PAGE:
My first embed in Iraq was actually my second embed in Iraq, which of course doesn’t make sense, but like a lot of things in Saddam’s former police state, a broad explanation is always needed and even then you’ll often contradict yourself.
Every Marine base has this reminder written on the walls. "It's the little things, the details that become routine and the false sense of security that get Marines killed," said by many, many Marines
Continue reading "Fallujah--From Near, from Afar" »
"In Their Own Words"
Lance Cpl. Williams gives a great account of the use of the ID cards. It pays to proper ID and you'll hear why in Cpl. Williams' own words.....
Continue reading "Proper I.D. Please!" »
Habbaniya - All Marines are riflemen, but can Marines master all
rifles? With security as the key for bringing stability to a war-wary
Iraq, Marines are tapped to train a novice national army with a shaky
It's a clear, hot day beneath the Al Anbar sun, 50 miles northwest
of Baghdad. Habbaniya is a former British airbase ceded from the
Ottoman Empire after the First World War. Next to the long runways that
required more space to take off are the remains of an upscale ex-pat
community. The British officer—a respected position of social mobility
in a class-fast society—could live a very comfortable life in the
post-Great War Iraq of the 20's and 30's. The type of life where the
help were confined to the Coolie Town and Olympic sized pool parties
entertained the lady of the house while the husbands gathered for Pimms
at the officer's club after a day of test flying aircraft.
Continue reading "Marines Mentor "Spray and Pray" Iraqi Troops" »
The “forgotten war” or the one that should have been remembered, Afghanistan is a place that looks suspiciously like Palm Springs despite the occasional IED and the lack of senior citizens. The craggy landscape is vast, mountainous and, from perspective of the aircraft, far beyond the view of my eyesight. This is the “good war”, the legal and justified war, but like the sibling to the prodigal son, the son who did everything right, Afghanistan is often neglected.
Continue reading "THE "GOOD WAR"" »
On top of busted sewers, unpaved streets, faulty electricity, the city
of Fallujah, in the Al Anbar province, had a problem with illegal
immigration. Foreigners were filtering into the city, taking up whole
neighborhoods and driving the locals out. The populace felt intimidated
and didn’t protest much. Besides, there were plenty of Fallujans who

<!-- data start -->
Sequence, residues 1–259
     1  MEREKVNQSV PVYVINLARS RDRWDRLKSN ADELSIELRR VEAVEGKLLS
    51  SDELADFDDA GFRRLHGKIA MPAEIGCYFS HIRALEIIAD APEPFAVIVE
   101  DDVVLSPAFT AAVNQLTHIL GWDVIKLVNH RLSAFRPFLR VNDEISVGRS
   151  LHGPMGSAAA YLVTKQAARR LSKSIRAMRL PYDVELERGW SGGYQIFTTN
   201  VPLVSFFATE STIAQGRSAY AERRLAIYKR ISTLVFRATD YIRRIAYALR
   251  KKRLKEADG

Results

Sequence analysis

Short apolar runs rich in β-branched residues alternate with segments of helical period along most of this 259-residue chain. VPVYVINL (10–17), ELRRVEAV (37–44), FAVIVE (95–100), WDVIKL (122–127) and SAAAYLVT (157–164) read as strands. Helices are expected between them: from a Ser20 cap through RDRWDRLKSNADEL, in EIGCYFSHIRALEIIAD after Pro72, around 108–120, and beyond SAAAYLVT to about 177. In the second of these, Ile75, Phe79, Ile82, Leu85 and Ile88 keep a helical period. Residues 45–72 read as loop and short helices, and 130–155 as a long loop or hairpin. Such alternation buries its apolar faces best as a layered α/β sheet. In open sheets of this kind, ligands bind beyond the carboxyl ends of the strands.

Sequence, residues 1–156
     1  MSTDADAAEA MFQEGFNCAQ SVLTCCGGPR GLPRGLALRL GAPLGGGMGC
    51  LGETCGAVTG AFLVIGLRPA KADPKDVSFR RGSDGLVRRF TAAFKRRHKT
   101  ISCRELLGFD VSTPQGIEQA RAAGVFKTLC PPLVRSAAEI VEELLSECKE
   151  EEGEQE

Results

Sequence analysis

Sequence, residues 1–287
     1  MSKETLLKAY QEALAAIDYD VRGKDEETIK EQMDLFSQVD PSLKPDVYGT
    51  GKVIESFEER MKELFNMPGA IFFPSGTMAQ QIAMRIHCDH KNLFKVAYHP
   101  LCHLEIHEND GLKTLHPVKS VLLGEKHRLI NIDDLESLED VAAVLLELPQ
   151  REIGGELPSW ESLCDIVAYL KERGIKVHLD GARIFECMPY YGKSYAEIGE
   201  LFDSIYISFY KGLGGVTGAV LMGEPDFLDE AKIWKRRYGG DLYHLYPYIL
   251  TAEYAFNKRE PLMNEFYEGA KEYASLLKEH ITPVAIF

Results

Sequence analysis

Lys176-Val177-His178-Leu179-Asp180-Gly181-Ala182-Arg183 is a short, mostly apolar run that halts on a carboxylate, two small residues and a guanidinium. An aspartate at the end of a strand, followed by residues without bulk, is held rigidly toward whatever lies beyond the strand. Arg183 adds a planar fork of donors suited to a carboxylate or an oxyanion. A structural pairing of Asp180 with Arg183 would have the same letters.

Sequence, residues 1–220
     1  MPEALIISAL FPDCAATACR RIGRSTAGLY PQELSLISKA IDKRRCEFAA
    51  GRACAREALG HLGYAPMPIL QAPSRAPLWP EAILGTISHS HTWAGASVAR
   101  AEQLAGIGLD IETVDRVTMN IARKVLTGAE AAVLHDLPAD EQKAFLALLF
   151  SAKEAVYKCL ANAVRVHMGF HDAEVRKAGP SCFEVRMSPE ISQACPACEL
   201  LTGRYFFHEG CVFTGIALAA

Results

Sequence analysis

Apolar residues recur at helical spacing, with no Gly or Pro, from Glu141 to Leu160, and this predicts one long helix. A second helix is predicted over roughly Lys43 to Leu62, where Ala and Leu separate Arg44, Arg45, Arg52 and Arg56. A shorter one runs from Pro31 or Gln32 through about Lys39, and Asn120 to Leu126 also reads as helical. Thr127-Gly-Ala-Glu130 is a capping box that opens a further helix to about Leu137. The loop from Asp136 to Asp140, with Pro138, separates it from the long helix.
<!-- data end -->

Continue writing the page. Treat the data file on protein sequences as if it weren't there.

felt they needed to support the new arrivals in a show of solidarity.
But when city security butted heads with the ideology of violence, most
Fallujans decided they just wanted peace of mind and the extreme
measures they took were meant to provide just that.
Continue reading "Iraq's Illegal Immigration Problem" »
I wrote this story for The National Review on Thursday, July 5, 2007. I would welcome your feedback on this article and feel free to share your personal views. Just look for the comment button at the conclusion of this story.
In Baghdad, at an informal meeting of the
incoming U.S. ambassador to Iraq and members of the media, the
ambassador got an earful about how difficult it was to cover this war.
Despite the dainty hors d’oeuvre and wine (in the first real glasses I
have seen since my arrival in Iraq), the press brought out a laundry
list of issues preventing them from doing their job: checkpoints,
transportation, the bureaucracy of blood tests at the border, and the
need for more personal security. For what was supposed to be a meet and greet, the greet did not last
long. Ambassador Ryan Crockerwas gracious, and some thanked him for
inviting us to his home, which was rumored to be the former residence
of Saddam’s sister. But like so many things here in country
it’s not always possible to separate the rumored from the real.
Discerning facts from fiction is an obstacle the media trips over
Continue reading "LIVE FROM BAGHDAD! The Press' War" »
I had the privilege of eating at a restaurant in Baghdad and had the greater privilege of meeting the chef who prepared the meal for those seated at our table. He was a quiet, yet, friendly man who is an excellent chef and also owns the restaurant. I wanted to find out how he felt about the conditions of the city he calls home and what, if anything, he misses about Saddam Hussein in power.
Continue reading "The Baghdad Chef Speaks On Camera" »
Corporal George Quinton Rhubi was born to be a Marine. After all, his father was a Marine and he says, "It's all I know." Just before a day of handing out soccer balls to the children of a neighborhood that had seen some of the fiercest fighting in all Iraq, Corporal Rhubi sat down to talk about his life as a Marine and why he chose to serve.
Continue reading "Hear it "In Their Own Words"" »